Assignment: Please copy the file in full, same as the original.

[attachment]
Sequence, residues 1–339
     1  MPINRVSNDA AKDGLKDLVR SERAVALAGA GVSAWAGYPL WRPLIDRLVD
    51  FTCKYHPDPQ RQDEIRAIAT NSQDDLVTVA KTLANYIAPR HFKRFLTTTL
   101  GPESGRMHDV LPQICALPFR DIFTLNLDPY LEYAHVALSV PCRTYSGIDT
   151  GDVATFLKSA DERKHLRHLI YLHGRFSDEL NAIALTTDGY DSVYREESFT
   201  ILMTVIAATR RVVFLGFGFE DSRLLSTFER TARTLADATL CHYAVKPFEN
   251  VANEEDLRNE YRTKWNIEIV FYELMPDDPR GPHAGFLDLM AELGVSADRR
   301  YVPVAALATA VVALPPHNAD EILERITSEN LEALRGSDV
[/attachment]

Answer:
Sequence, residues 1–339
     1  MPINRVSNDA AKDGLKDLVR SERAVALAGA GVSAWAGYPL WRPLIDRLVD
    51  FTCKYHPDPQ RQDEIRAIAT NSQDDLVTVA KTLANYIAPR HFKRFLTTTL
   101  GPESGRMHDV LPQICALPFR DIFTLNLDPY LEYAHVALSV PCRTYSGIDT
   151  GDVATFLKSA DERKHLRHLI YLHGRFSDEL NAIALTTDGY DSVYREESFT
   201  ILMTVIAATR RVVFLGFGFE DSRLLSTFER TARTLADATL CHYAVKPFEN
   251  VANEEDLRNE YRTKWNIEIV FYELMPDDPR GPHAGFLDLM AELGVSADRR
   301  YVPVAALATA VVALPPHNAD EILERITSEN LEALRGSDV